I do think F-hole covers or plugs could be beneficial as well, especially for extreme volumes like a rockabilly band. Never used them with an upright, but I have seen how beneficial a sound hole plug can be with acoustic guitar, so :thumbsup:. I believe there are companies that make foam plugs, but I don't know if they do custom plugs.

    The tricks I Use:
    #1. Using an amp with fairly flat response is a good start. At the very least you don't want an amp that emphasisez the low mids, because the low mids tends to be a problematic frequency range for upright bass.
    #2. I typically elevate my amp to about waist level. The idea is to get the cab closer to my ears and further from the body of the bass. If you put less energy into the bass, you weaken the feedback loop. Some people really hate this approach, and it may be best to do this when the PA is carrying the bass to the audience.
    #3. As others have mentioned corrective EQ, and specifically notch filtering is extremely important. You need to consider the bass, pickup, amp, and speaker a system. There is a feedback loop that exists between the speaker and the amp and as you increase the volume, this feedback loop gets stronger and tends to exaggerate resonances in the system response. You use the corrective EQ to compensate for this problem.
    There are two types of corrective EQ that you can consider. The first is narrow band or notch filtering. As you turn up the gain the bass will tend to feedback as specific frequencies. Ideally you want to put a fairly deep narrow-band notch at this frequency to kill the freedback. In my experience you can kill 4-5 frequencies and and after you typically hit the point of diminishing returns where it starts to kill the sound.

    I have used 31-band graphic EQs for nothing and also fully parametric EQs. Empress used to make a pedal that would be a good choice for this called the ParaEQ. It has three bands of EQ with variable frequency centers and the bandwidth has a 3-way toggle that can be set to wide, medium, or narrow bandwidth.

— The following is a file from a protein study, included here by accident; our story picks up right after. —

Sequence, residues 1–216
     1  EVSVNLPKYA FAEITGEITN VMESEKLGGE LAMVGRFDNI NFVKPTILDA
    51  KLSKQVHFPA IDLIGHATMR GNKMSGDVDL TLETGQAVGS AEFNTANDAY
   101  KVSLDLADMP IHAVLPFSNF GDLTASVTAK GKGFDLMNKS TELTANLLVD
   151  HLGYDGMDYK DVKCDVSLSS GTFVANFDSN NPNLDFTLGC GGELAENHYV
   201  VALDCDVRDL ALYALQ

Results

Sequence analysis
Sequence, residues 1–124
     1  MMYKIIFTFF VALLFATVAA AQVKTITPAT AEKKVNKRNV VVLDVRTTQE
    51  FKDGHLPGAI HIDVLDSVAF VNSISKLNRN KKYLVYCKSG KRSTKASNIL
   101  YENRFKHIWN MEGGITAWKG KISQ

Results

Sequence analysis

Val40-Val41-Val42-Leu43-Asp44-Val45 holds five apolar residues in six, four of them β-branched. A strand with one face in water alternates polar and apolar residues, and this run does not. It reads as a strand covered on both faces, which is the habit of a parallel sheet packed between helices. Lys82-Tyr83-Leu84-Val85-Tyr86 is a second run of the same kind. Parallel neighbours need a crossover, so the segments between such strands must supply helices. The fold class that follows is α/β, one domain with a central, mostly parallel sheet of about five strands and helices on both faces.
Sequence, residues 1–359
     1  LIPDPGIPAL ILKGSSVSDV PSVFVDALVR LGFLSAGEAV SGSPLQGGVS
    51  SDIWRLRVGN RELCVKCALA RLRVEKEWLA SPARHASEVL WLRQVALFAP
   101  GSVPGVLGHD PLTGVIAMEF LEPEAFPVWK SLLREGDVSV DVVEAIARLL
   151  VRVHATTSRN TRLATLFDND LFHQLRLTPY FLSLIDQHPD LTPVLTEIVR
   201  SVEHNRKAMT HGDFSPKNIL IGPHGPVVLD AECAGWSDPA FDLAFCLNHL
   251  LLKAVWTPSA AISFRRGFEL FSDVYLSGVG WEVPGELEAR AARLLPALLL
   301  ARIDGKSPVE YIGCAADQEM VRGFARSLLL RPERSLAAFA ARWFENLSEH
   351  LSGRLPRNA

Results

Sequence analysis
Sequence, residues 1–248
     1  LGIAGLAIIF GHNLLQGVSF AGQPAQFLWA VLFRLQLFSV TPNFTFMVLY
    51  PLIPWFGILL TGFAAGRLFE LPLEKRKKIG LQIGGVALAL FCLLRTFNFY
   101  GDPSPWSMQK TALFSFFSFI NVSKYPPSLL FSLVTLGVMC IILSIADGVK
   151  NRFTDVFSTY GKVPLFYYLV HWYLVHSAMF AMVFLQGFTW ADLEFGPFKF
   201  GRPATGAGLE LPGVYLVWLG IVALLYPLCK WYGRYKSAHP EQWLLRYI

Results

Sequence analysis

The second type of corrective EQ you may use is broadband. Sometimes you get to a point where the volume cause the strings to want to pump or ring across a certain range of the instrument. In other when you pluck the strings, they bloom and ring continuously instead of decaying naturally, so you have to mute them with your hands. A broadband band dip across this range of the instrument can help restore more of an even response. Also you experience a situation where you have several adjacent frequencies that want to ring instead of one clearly defined frequency. This is another situation where you would use a broad band dip. The trick is that when you use a broad band dip you only cut a little, and when you use a notch you can cut really deep.
    One other factor I should mention is the bass itself and the choice of pickups. The last bass I played professionally would be called a "fine instrument"as it would have been at home in a world-class orchestral bass section. It did not amplify particularly well because it was designed to be very resonant so it would be a canon acoustically. I was able to amplify the bass successfully, but it always got sort of boxy pizz sound through the amp.